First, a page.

AAA is the highest credit rating.  If the U.S. rating is downgraded, it could become more expensive for the United States to borrow money.    

White House Press Secretary Jay Carney told reporters that the agency's decision to revise the outlook serves as a notice to lawmakers.

"A reminder that it is important that we reach agreement on fiscal reform is always valuable, and that's essentially what it is," said Carney. "It is another indication of the importance of both sides coming together and grappling with this problem and getting to a resolution."

Standard and Poor's says it believes there is a significant risk that lawmakers might not agree on a medium-term fiscal strategy before the 2012 national elections.

Carney said the administration believes that the political process will outperform S&P's expectations.   

You May Like

Photogallery Oxfam: Ebola Could Be 'Disaster of Our Generation'

Meanwhile, Fidel Castro, the former leader of Cuba, says the Caribbean island nation will 'gladly cooperate' with the US in the fight against Ebola in West Africa More

Multimedia Kobani Fighting Sends 400,000 Refugees to Turkey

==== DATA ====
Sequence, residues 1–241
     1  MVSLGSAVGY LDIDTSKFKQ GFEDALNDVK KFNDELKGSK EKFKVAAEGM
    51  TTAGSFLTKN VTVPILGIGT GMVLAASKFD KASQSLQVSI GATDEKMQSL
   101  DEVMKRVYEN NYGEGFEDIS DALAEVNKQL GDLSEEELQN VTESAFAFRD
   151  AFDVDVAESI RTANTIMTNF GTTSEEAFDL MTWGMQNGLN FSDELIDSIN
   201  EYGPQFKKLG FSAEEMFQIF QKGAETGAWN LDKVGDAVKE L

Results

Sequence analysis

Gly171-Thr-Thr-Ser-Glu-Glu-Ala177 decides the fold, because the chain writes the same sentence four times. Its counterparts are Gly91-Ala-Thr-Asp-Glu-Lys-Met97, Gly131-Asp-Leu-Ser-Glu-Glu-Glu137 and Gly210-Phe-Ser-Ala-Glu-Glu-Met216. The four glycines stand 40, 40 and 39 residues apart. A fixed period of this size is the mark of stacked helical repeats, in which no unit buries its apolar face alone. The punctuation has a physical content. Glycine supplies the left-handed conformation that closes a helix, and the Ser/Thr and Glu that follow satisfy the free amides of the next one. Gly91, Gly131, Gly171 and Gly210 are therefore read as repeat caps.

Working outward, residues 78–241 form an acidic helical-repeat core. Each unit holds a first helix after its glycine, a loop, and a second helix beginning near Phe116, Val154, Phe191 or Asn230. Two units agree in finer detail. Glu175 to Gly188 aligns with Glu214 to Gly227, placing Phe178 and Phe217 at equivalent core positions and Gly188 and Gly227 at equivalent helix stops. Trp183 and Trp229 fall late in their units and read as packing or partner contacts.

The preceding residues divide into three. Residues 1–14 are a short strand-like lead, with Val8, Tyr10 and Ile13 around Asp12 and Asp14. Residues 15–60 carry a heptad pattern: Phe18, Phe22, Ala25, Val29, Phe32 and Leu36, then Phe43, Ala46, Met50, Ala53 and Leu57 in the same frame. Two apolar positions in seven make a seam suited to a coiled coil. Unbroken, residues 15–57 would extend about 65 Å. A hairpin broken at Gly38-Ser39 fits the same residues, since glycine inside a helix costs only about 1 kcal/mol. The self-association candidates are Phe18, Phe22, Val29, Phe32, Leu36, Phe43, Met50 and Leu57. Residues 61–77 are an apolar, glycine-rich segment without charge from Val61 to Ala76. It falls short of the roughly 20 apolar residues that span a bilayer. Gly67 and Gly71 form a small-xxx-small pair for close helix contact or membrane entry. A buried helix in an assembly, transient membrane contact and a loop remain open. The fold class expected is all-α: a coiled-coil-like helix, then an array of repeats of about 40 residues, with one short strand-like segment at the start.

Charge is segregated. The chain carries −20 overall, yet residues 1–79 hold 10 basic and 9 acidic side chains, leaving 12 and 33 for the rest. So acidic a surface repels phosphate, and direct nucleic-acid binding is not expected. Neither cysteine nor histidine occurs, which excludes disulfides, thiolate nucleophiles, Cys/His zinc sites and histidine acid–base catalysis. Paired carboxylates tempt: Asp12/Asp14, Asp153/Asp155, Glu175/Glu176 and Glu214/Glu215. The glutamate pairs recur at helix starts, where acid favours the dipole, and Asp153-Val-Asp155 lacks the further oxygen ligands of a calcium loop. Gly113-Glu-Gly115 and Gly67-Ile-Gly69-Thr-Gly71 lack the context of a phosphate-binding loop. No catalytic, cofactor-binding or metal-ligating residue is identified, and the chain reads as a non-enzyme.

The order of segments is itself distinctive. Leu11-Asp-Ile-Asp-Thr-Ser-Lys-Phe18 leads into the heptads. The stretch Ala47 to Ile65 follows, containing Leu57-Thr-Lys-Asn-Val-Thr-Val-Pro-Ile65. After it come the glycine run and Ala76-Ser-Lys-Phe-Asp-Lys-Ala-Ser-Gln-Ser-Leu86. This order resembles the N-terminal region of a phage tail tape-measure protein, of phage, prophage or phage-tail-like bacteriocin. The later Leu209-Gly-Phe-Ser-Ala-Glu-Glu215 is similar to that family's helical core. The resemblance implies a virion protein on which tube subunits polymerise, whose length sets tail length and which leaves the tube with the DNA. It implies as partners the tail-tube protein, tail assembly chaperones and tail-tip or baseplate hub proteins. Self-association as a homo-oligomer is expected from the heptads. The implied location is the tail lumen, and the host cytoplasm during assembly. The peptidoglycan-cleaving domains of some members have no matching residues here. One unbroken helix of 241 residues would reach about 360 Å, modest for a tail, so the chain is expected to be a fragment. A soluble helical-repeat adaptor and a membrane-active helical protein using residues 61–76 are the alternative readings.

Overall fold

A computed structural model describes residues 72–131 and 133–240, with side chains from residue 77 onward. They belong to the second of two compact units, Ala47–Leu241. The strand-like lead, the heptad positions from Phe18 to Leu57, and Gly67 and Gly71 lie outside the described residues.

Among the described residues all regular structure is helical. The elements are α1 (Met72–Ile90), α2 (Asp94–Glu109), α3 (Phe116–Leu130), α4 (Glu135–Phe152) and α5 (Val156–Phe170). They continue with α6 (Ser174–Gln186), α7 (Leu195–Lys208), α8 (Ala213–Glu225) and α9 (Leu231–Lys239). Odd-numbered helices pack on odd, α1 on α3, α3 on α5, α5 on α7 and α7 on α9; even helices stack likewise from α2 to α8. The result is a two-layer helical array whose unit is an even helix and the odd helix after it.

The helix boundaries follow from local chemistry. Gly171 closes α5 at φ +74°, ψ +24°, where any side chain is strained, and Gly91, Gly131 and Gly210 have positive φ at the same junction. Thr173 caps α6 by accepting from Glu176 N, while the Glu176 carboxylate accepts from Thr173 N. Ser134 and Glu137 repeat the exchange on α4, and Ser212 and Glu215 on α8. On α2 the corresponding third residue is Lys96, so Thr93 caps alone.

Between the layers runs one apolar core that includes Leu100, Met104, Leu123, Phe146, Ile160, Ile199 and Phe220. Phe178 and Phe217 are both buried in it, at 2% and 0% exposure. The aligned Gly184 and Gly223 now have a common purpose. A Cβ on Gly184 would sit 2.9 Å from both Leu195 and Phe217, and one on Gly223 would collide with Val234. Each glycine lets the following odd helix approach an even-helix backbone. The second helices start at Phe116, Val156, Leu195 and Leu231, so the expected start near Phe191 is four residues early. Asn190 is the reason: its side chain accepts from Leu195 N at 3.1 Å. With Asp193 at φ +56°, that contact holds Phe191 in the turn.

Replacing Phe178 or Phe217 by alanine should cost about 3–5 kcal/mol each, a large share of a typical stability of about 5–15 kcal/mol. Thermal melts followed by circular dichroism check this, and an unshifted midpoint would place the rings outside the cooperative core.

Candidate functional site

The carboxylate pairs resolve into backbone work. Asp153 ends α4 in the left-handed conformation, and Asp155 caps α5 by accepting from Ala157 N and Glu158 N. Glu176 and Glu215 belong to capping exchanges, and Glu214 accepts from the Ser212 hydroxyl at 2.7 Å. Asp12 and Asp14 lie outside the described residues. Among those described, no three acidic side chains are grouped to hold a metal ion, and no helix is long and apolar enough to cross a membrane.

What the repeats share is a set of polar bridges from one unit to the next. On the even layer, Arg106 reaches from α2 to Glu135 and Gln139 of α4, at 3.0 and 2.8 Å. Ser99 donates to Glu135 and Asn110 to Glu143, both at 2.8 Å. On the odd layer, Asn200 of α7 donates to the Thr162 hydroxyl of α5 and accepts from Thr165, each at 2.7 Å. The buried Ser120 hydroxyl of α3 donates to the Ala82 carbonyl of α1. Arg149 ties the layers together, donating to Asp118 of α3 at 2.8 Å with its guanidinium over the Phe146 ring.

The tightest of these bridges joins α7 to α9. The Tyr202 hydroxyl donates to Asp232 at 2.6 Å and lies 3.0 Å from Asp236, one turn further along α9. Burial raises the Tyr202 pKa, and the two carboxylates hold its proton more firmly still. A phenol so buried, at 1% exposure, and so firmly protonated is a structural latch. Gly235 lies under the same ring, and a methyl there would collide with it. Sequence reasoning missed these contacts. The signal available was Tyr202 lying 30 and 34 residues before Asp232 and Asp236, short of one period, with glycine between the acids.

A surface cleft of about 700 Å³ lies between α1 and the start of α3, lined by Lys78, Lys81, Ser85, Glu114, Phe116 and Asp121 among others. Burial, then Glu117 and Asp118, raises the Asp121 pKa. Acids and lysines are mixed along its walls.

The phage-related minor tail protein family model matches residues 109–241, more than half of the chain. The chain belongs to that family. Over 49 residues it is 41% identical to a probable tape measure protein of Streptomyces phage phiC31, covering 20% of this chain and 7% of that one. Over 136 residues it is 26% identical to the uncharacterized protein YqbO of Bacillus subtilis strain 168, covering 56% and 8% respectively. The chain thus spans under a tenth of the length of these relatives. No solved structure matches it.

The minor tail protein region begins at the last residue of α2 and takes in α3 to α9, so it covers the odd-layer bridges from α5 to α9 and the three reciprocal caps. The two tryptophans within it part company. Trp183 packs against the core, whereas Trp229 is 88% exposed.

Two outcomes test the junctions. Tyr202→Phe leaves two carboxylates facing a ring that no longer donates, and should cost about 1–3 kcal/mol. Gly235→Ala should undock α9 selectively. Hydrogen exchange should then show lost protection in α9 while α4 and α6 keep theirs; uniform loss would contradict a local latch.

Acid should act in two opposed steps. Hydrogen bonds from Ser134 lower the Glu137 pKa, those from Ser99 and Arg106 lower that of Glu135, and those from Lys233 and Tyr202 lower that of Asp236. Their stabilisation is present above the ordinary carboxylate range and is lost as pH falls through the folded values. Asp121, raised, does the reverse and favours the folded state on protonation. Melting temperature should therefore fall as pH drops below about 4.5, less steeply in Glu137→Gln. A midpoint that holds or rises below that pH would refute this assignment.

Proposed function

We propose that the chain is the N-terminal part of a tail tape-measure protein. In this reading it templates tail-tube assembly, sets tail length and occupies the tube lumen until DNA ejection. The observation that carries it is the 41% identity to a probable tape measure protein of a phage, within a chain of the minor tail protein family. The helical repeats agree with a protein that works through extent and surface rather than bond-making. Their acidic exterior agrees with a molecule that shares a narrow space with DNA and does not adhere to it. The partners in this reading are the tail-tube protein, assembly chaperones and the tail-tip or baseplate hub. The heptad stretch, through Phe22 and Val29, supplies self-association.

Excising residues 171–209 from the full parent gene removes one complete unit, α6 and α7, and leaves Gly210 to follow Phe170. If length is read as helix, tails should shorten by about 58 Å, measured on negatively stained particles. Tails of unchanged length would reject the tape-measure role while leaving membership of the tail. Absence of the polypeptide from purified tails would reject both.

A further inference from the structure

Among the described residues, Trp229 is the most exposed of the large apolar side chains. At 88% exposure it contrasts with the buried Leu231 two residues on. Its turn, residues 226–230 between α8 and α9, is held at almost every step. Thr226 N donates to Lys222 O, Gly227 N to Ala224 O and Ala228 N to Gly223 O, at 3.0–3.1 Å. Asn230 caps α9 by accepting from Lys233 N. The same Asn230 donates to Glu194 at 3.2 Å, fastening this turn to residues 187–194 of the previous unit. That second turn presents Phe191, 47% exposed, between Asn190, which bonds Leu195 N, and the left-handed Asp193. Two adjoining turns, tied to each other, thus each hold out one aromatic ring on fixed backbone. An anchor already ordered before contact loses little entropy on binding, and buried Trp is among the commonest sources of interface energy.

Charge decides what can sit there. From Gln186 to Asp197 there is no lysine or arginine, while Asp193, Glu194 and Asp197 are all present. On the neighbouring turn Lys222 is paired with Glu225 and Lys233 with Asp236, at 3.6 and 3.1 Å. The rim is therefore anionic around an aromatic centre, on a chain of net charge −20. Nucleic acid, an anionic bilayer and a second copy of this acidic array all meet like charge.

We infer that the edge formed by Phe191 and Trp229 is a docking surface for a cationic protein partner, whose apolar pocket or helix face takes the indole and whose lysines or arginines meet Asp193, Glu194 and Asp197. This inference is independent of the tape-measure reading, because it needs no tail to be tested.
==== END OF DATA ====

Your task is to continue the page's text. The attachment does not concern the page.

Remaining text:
Refugees receive help from Turkish authorities and individuals, but say much more is needed More

India’s Ruling Nationalist Party Makes Gains in Regional Elections

Bharatiya Janata Party’s huge margin over its rivals puts it on course to form governments in the northern Haryana and western Maharashtra states More

This forum has been closed.
Comments
     
There are no comments in this forum. Be first and add one

Featured Videos

Your JavaScript is turned off or you have an old version of Adobe's Flash Player. Get the latest Flash player.
Exclusive: American Joins Kurds' Anti-IS Fighti
X
Zana Omer
October 18, 2014 6:37 PM
The United States and other Western nations have expressed alarm about their citizens joining Islamic State forces in Syria and Iraq. In a rare counterpoint to the phenomenon, an American has taken up arms with the militants' Syrian Kurdish opponents. Elizabeth Arrott has more in this exclusive profile by VOA Kurdish reporter Zana Omer in Ras al Ayn, Syria.
Video

Video Exclusive: American Joins Kurds' Anti-IS Fight

The United States and other Western nations have expressed alarm about their citizens joining Islamic State forces in Syria and Iraq. In a rare counterpoint to the phenomenon, an American has taken up arms with the militants' Syrian Kurdish opponents. Elizabeth Arrott has more in this exclusive profile by VOA Kurdish reporter Zana Omer in Ras al Ayn, Syria.
Video

Video South Korea Confronts Violence Within Military Ranks